“For so many years when I was just doing boxing, I had to fight to keep my spot on Team USA, but I had the confidence to do it, because I really felt like, ‘This is mine,’” said Wolf. “But after being out of the game for so many years doing martial arts … I just didn’t feel like it was mine anymore.”
There were plenty of worries surrounding Wolf aiming for the Olympics — the fact that she only had five weeks to prepare for the Olympic qualifiers and that she was newly recovered from surgery after dislocating an arm and tearing her labrum while training overseas in Thailand. Wolf says choosing to get back in the ring was a “mental battle with myself.”
But she took the chance, loving, as she says, “a solid challenge” and ended up winning all three bouts of the U.S. Olympic qualifying event in Las Vegas in March. Despite being almost 10 years older than most of her competitors at 35, and having spent all of the last four years training in martial arts, not boxing, Wolf once again proved the value of a strong and stubborn drive.
“I do humbly take credit for talking her back into boxing,” said Abdullah with a laugh. “If I didn’t believe she had an honest shot at making the team, I would not have asked her to come back. I would have let her focus on her MMA career.”
“She’s not just a born athlete, she’s extremely intelligent, almost obnoxiously so,” added Carl Gebhardt, Wolf’s MMA coach at San Diego’s Steel Gym. “She has this mix of tenacity and instinct. She’s unapologetically Danielle and she’s not afraid to go out and take what she wants.”
Going pro had always been the goal for Wolf, ever since she made the decision in 2009 to live off her savings and “see what I was made of” as an athlete. But, leaving her job as a life coach in Rancho Santa Fe to train for Iron Man races and Triathlons in Pacific Beach, Wolf did not plan on boxing being the source of her success. But then, fate stepped in.
“I had just moved to San Diego and everywhere I went people would ask me, ‘So, are you a fighter?’” said Wolf, who was 25 at the time. “I wasn’t sure what they meant at first. I was like, ‘A fighter for what? For Jesus? For cancer?’ Martial arts wasn’t even on my radar.”
Though she has played almost every other sport under the sun from basketball to field hockey, Wolf said boxing was “probably the only sport I hadn’t tried yet.” After continuing to be asked “Where do you fight?” by perfect strangers over the following weeks, Wolf said her interest was peaked.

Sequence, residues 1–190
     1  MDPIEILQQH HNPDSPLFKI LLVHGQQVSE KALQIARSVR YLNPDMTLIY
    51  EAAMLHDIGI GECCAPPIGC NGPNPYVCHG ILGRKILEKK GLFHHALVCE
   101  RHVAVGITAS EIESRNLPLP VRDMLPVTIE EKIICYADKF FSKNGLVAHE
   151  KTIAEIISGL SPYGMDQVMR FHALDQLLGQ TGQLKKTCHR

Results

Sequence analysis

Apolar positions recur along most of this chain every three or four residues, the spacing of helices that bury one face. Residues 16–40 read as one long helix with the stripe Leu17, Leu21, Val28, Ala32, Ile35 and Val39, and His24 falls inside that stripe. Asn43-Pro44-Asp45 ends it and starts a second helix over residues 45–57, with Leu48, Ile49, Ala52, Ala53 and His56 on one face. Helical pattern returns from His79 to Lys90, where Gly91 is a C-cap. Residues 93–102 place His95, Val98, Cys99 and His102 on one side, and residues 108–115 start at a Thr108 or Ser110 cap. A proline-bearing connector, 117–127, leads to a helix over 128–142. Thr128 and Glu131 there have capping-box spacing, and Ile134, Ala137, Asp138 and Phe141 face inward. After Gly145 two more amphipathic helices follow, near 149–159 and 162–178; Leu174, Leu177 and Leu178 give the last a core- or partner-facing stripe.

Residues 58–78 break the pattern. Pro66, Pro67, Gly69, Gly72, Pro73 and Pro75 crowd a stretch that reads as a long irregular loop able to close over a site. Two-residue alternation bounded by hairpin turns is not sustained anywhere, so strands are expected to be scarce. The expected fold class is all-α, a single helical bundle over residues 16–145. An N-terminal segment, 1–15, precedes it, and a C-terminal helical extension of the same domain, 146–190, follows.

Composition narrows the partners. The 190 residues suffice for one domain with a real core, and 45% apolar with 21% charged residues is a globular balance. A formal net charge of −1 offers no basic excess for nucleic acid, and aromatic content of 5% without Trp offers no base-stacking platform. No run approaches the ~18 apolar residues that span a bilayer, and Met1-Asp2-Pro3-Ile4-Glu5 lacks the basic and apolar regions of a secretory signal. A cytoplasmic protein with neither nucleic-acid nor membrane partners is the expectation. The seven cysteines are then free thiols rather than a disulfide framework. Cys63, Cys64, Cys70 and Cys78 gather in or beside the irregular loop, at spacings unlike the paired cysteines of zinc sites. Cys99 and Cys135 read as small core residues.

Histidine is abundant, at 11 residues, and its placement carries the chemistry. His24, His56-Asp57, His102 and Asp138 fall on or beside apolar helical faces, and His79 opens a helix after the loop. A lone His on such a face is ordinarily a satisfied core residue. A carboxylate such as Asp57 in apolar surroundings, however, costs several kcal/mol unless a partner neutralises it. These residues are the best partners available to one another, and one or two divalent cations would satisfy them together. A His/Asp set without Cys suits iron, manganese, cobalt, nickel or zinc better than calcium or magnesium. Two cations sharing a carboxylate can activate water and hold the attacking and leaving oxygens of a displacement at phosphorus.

“I also was starting to worry about if my nose looked messed up,” said Wolf. “I couldn’t figure out why so many people kept mistaking me for a fighter? But now, years later, I believe those people must have been guardian angles directing me to where I was always supposed to go.”
Two years after picking up her first boxing glove, Wolf began fighting with team USA and traveling around the world, competing in South Korea, Guadalajara and Venezuela. Wolf has won ring-side world championships, Jiu Jitsu World League championships, national Golden Gloves and had opportunities to be in ESPN’s 2014 Body Issue and go to the ESPY Awards, walking the red carpet with The Rock.
But this multi-dimensional fighter’s biggest opportunity yet comes in December, when Wolf will have to beat out seven other women in the final stage of the U.S. Olympic trials to earn a spot on the national team.
“We have a lot of females as young as 6 in this gym who want to be fighters and they really look up to Danyelle,” said Gebhardt. “The competition is going to be steeper in December and then it will obviously be even more challenging in the Olympics. But I know Danyelle, I know her mindset and how hard she’s been working. She has a goal in front of her and I know she’s going to be fine.”
“I’m all about perseverance and digging deep to find the highest potential within yourself,” added Wolf. “I want to show women that doors open for you when you give 100 percent. The trick is being ready when it’s time to jump at the chance to walk through them.”